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Inflation Reduction Act – Basic Breakdown:

After months of sparring through negotiations, Joe Manchin agreed to back a package aimed at lowering carbon emissions and curbing healthcare costs, while raising taxes.  This marks a revival of Biden’s economic and climate agenda that was seemingly killed earlier by Manchin.  The deal agreed upon is much more narrow than the original package proposed by Biden, with Republicans expected to oppose the package.

What’s in the Deal?

The deal labeled the Inflation Reduction Act of 2022 would raise a total of $739 billion in revenue, and spend a total of $433 billion.  The deal would reduce the current budget deficit by $300 billion over a decade.

Tax Impact:

Before we jump into what the money is being spent on, let’s take a look at how the funds will be raised.

This proposal would implement a 15% corporate minimum tax, which is pointed at large companies that post significant profits but pay little to nothing in income taxes.  It is important to note, however, that this corporate minimum tax, is different than the 15% global minimum tax (which is not included in the deal).

The plan would increase enforcement efforts at the IRS, almost doubling the size of the agency over the next 10 years.  This is expected to net more money than it would cost and increase audit rates in the future.

Past this, higher taxes on carried-interest income are seen in the deal as it plans to change the way this income is currently taxed from long-term capital gains to ordinary income rates.  Carried interest income is a share of private equity or hedge fund’s profits that is paid to the fund managers.  This is often viewed as a performance bonus (because the more the fund makes, the more profit there is for managers), and now will be taxed the same as one.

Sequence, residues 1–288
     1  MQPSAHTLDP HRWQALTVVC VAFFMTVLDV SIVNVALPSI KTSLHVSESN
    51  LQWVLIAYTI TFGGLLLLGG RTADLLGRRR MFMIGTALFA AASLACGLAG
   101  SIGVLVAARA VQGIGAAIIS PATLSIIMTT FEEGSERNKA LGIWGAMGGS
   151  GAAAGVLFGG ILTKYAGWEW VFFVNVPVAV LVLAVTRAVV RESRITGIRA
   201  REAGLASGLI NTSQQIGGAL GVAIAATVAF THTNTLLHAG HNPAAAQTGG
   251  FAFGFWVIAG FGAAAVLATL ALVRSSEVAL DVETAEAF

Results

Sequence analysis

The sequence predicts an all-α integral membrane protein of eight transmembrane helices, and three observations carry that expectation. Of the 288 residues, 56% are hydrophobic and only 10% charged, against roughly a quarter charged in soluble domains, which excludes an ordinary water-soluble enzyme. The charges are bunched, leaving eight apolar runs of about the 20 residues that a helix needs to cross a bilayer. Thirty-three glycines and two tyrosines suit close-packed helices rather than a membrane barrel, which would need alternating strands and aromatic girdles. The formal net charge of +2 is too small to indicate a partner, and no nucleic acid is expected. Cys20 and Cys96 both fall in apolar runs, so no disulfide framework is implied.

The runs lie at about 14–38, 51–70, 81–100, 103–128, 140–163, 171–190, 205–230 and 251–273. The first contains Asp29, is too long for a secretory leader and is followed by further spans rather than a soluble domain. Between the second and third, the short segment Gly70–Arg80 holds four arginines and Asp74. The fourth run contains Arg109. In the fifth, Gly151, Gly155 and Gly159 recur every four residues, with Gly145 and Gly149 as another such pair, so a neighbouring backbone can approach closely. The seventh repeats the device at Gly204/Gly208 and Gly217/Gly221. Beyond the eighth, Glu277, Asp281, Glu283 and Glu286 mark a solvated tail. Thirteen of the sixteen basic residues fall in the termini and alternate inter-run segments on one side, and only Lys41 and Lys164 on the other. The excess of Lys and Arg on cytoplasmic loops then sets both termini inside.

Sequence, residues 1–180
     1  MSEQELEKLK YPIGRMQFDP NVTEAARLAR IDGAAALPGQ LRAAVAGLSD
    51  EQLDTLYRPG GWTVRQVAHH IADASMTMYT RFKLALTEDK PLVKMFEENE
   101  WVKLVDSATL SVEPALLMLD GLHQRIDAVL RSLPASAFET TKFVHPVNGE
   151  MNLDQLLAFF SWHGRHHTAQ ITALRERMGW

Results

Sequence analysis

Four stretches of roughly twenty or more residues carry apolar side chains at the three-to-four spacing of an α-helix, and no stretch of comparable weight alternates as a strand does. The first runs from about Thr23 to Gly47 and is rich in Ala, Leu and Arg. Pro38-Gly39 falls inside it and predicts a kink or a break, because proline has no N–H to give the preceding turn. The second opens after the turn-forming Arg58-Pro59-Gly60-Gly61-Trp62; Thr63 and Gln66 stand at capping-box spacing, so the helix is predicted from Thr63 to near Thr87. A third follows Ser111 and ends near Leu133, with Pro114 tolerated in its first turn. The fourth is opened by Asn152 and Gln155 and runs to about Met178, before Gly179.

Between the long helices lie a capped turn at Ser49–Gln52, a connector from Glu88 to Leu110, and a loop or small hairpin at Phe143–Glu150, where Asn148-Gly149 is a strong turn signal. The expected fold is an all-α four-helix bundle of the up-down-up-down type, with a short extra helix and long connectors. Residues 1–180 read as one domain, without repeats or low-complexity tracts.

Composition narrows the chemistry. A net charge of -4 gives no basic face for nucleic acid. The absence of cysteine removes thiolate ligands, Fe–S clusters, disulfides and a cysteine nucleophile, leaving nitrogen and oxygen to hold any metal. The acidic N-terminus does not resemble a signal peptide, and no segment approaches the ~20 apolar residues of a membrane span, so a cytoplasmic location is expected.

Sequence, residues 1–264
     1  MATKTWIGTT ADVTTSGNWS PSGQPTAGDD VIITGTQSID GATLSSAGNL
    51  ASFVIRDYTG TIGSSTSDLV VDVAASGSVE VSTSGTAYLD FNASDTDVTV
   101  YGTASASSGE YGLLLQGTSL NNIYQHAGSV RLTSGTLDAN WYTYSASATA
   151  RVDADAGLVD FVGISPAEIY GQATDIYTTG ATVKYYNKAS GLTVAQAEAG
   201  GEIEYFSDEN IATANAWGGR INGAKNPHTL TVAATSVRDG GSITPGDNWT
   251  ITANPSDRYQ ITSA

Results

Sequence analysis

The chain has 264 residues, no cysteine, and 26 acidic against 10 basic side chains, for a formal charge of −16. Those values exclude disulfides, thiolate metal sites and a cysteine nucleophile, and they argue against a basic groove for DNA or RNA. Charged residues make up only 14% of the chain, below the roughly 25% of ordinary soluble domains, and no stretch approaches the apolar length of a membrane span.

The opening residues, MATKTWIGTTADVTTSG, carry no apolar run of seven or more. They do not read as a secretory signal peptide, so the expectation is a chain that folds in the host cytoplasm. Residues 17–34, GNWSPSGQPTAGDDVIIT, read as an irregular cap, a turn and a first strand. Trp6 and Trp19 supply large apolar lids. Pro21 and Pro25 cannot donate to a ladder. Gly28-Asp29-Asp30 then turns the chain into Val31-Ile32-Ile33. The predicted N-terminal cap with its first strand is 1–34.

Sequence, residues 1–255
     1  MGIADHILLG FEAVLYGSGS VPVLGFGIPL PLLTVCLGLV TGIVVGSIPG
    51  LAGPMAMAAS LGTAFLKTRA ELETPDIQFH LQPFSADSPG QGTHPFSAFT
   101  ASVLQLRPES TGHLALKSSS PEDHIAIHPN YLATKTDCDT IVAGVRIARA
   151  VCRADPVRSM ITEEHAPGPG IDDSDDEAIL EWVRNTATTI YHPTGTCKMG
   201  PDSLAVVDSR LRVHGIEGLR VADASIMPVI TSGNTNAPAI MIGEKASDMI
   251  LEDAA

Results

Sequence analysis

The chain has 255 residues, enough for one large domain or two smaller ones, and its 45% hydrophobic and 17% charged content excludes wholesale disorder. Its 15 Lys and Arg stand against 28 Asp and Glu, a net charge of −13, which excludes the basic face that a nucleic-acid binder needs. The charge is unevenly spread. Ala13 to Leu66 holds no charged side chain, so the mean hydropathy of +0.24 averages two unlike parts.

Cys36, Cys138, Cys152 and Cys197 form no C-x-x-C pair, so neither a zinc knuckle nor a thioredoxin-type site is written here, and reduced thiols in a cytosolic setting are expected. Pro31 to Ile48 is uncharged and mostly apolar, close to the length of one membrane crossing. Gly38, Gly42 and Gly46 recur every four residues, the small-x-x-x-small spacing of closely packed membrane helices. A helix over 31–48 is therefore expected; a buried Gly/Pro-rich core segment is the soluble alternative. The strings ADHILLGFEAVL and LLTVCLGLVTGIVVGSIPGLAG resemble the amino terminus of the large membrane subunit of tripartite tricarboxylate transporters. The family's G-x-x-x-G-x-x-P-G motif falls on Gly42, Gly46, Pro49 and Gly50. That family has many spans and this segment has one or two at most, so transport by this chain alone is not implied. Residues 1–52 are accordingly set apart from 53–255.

Climate and Energy Policy:

The package focuses largely on climate and energy policy through tax credits for purchasing electric and hydrogen vehicles .  Past this, Joe Manchin stated the proposed legislation will also invest in technology used for cleaner energy production.  These moves are being made in hopes of further reducing the United States’ greenhouse-gas emissions.

Healthcare & Prescription Drugs:

The proposed deal would allocate $64 billion to extending the Affordable Care Act subsidies for another three years.  The subsidies under the 2021 American Rescue Plan increased the size of premium tax credits and eliminated the upper-income limit for subsidy eligibility.  It also ensures that those who are receiving unemployment compensation can enroll in a silver plan with $0 premiums and cost-sharing reductions.

The premium subsidies, which are also referred to as premium tax credits typically adjust yearly to maintain pace with premiums.  Under the ACA, there is no longer a “subsidy cliff”, and instead no one purchasing coverage through the marketplace has to pay more than 8.5% of their household income.  Additionally, individuals with lower incomes are expected to pay a smaller percentage, as low as $0 for some whose income doesn’t exceed 150% of the poverty level.

Past subsidies, the deal would also allow Medicare to negotiate the cost of some prescription drugs with pharmaceutical companies.  This is a move that has long been sought after by the Democratic party but has been heavily opposed by the drug industry.

Wrap Up:

While the package is dubbed the “Inflation Reduction Act”, there is not a clear picture of how much this will help the U.S. fight inflation.  Rather, Manchin and Schumer relayed in a joint statement that the measure would “make a historic down payment on deficit reduction,” thus fighting inflation.

No matter your thoughts on the package, it may be a little early to react as it is still not clear if the deal will be passed or not.  For the deal to pass, only a majority vote from the house is needed, with the House of Representatives having a slight Democratic margin.  Republicans are likely to unanimously oppose, so Democrats will need to stick tightly together, trying to reconcile any issues had internally over provisions left out of or included in the package if it is to pass.

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